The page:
When your beloved pet is injured or ill, the slightest cough can seem like a life-threatening emergency. However, not all your pet’s health issues require urgent care, although determining the difference can be tough. As veterinary professionals, we also panic, with all our knowledge going right out the window when our own pets are sick. So, we understand where you’re coming from, and we want to help you determine if your pet is experiencing a true emergency that requires immediate care. Of course, if you’re ever unsure if your pet needs prompt medical attention, contact this south Austin veterinarian for advice. Pet emergencies that require urgent care include the following situations.
#1: Your pet is bleeding
While a minor scrape or wound isn’t a true emergency, a pet who is bleeding from an injury, and the bleeding doesn’t stop after a short period, needs medical attention. Bleeding from the nose or mouth, or blood in the urine or stool, can be a sign of a serious problem that needs treatment right away.
#2: Your pet is having difficulty breathing
Difficulty breathing is always an emergency. If your pet is having problems to the point where they’re panicking, collapsing, or turning blue, rush them to our hospital or the closest emergency hospital. Your pet may be choking, experiencing an allergic reaction, or having a heart-related issue.
#3: Your pet is straining to urinate or defecate
A urinary tract infection, urinary blockage, or constipation can quickly turn into a serious problem. For example, male cats are prone to urinary blockages, which can be fatal if not treated early. Your cat may be entering and exiting the litter box more often than usual, crying in pain, or producing only a few drops of urine, which many pet owners think is because of constipation, when their cat is actually struggling to urinate.
Constipation or diarrhea are other common issues. If your pet has a gastrointestinal blockage—your puppy has eaten a sock, for example—they may be unable to defecate, or they may produce diarrhea. Like a urinary blockage, a gastrointestinal blockage is a life-threatening emergency.
#4: Your pet is limping or in pain
Painful orthopedic conditions can rapidly become worse without prompt care. If your pet is unable to bear weight on a leg, they may have suffered a severe muscle, ligament, or bone injury that needs stabilization to prevent further damage. If your pet is painful along the spine, or unable to jump on furniture, they may have herniated an intervertebral disc, which can rapidly progress to paralysis without proper care. Dachshunds are notorious for back issues, and if you suspect your dachshund has injured their back, you must prevent them from jumping to avoid further spinal cord damage.
#5: Your pet has an eye injury
Although a squinty eye with minor discharge may not seem like an emergency, eyes are extremely sensitive organs that can quickly degenerate if injured. If your pet is displaying any eye issue, seek immediate treatment to prevent further injury.
#6: Your pet is vomiting or has diarrhea
The occasional bout of vomiting or diarrhea is often considered no big deal, especially if your pet successfully begs for table scraps. But, frequent or prolonged vomiting or diarrhea is cause for concern. If your pet cannot hold down water, or they develop chronic vomiting, they need veterinary treatment. And, if your pet continues to have diarrhea, despite withholding food or switching to a bland diet, or if the diarrhea turns bloody, it’s time to head to Oliver Animal Hospital.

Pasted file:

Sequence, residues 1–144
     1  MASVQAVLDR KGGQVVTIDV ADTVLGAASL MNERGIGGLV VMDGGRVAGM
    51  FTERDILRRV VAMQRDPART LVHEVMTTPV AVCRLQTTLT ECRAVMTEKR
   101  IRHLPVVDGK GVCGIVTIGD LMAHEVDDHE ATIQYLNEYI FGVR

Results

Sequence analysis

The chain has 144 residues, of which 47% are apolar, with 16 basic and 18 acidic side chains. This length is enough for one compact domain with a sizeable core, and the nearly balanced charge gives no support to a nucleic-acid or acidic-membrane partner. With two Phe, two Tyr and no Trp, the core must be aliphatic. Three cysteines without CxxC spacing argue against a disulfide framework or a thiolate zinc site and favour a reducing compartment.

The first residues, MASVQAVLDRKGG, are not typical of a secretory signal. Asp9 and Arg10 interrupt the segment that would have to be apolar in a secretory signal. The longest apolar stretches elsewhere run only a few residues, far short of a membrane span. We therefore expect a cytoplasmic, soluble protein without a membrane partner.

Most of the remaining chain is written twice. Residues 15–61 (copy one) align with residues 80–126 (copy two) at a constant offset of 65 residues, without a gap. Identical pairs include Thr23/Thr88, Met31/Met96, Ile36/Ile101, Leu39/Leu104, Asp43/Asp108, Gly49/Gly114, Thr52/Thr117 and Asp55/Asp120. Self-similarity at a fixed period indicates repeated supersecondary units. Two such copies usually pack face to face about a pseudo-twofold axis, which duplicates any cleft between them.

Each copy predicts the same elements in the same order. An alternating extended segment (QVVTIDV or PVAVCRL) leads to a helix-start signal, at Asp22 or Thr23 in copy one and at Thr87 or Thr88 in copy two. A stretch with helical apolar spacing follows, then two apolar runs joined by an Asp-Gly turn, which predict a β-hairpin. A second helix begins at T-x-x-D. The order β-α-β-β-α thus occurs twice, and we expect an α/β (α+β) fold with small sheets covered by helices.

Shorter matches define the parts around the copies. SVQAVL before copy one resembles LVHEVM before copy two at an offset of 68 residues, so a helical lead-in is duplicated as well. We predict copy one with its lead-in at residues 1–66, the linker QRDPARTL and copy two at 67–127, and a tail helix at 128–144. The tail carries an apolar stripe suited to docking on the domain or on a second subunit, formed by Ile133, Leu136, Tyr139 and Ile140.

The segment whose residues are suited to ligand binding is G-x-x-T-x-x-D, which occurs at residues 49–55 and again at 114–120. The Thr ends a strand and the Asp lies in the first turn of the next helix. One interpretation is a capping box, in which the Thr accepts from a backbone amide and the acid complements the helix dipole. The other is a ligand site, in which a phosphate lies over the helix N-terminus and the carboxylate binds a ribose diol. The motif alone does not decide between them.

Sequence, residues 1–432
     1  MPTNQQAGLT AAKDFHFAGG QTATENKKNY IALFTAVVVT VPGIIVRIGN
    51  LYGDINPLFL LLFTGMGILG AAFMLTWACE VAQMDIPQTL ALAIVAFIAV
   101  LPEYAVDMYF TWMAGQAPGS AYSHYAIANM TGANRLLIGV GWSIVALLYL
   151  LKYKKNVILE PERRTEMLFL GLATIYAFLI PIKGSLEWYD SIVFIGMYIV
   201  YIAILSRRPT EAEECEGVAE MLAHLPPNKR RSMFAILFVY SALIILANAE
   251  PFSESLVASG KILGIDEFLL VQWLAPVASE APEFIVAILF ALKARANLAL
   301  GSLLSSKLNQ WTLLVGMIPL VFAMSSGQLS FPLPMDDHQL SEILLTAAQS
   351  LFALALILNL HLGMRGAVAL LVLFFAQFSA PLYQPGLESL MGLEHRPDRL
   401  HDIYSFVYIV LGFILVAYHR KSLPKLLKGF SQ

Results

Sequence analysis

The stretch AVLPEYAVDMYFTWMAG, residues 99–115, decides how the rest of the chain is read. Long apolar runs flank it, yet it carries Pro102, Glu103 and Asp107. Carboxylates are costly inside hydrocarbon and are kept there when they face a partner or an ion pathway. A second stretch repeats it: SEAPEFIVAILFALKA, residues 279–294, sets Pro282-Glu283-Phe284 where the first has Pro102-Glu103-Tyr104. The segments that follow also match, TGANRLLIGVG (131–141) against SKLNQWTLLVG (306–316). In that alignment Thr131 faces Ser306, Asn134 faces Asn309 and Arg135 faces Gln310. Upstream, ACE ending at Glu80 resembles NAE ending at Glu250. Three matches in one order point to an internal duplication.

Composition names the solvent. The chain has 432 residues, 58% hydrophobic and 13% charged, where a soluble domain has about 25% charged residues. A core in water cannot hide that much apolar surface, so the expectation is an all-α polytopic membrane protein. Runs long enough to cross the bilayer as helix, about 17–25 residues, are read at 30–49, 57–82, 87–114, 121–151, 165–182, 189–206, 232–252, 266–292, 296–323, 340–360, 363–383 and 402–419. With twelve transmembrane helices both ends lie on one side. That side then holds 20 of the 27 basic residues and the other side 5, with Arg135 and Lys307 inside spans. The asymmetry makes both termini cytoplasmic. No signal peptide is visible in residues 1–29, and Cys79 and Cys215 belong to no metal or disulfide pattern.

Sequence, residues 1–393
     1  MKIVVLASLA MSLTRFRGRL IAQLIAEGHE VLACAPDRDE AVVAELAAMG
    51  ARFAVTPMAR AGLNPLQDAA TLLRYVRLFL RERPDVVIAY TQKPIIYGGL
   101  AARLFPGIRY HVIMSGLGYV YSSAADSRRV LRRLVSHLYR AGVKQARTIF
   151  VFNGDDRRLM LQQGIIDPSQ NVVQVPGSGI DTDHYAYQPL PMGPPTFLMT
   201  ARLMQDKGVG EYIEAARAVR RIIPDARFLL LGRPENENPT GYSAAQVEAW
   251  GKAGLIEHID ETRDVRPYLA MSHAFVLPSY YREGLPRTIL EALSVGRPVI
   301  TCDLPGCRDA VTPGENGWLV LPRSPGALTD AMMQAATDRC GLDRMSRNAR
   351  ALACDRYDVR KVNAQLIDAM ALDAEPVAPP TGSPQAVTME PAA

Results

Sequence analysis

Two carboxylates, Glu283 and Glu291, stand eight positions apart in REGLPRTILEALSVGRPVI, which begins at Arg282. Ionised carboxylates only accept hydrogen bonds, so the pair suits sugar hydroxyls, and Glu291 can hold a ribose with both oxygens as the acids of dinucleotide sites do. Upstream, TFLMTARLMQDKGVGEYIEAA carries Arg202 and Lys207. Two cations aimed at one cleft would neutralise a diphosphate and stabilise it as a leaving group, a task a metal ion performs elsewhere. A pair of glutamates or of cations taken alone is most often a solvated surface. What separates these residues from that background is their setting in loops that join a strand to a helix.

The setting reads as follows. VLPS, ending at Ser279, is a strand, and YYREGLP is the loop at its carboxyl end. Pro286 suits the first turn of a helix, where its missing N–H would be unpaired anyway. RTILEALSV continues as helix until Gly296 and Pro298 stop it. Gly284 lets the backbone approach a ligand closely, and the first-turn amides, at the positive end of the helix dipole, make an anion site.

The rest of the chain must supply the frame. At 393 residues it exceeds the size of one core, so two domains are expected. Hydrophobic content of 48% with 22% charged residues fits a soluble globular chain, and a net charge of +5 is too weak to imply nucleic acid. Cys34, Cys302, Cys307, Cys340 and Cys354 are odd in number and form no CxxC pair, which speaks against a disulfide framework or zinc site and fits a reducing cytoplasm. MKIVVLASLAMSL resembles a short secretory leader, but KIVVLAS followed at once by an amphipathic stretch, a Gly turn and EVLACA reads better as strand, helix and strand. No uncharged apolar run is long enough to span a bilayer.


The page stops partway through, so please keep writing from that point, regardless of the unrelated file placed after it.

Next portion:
#7: Your pet is in a traumatic accident
Pets who have been injured by a car or in a fight can look relatively healthy on the outside, but be suffering from internal or hidden injuries. Blunt force can damage organs, rupture the urinary bladder, or lead to a pneumothorax, which may not be noticeable immediately without diagnostic testing. Dog or cat fights may leave a small tear in the skin, but the puncture may be deep, penetrating muscle, ligaments, tendons, and blood vessels that need surgical repair.
#8: Your pet is exposed to a toxin
Every suspected toxin exposure requires veterinary treatment. You can make your dog throw up your chocolate bar at home, but they may still need intravenous fluids and additional medication to bind the toxin and battle side effects. The sooner your pet receives veterinary care after a suspected toxin exposure, the better their prognosis.
#9: Your pet is having an allergic reaction
Pets can have allergic reactions to many allergens, like people. If your pet is stung by a bee or experiences difficulty breathing after a vaccination, they need immediate treatment to prevent the reaction from worsening.
#10: Your pet is having seizures
Seizures can be a sign of toxin exposure, or they can be idiopathic (i.e., have no known cause). If your pet is having back-to-back or exceptionally long seizures, despite being on anti-convulsant medication, seek fast medical help.
Although Oliver Animal Hospital does not offer emergency services on nights and weekends, this south Austin veterinarian is always here for you and your pet during normal business hours. If your furry pal experiences a potentially life-threatening situation and requires urgent care, contact our team for immediate help. We can also guide you toward the nearest emergency veterinary hospital to ensure your pet receives prompt treatment.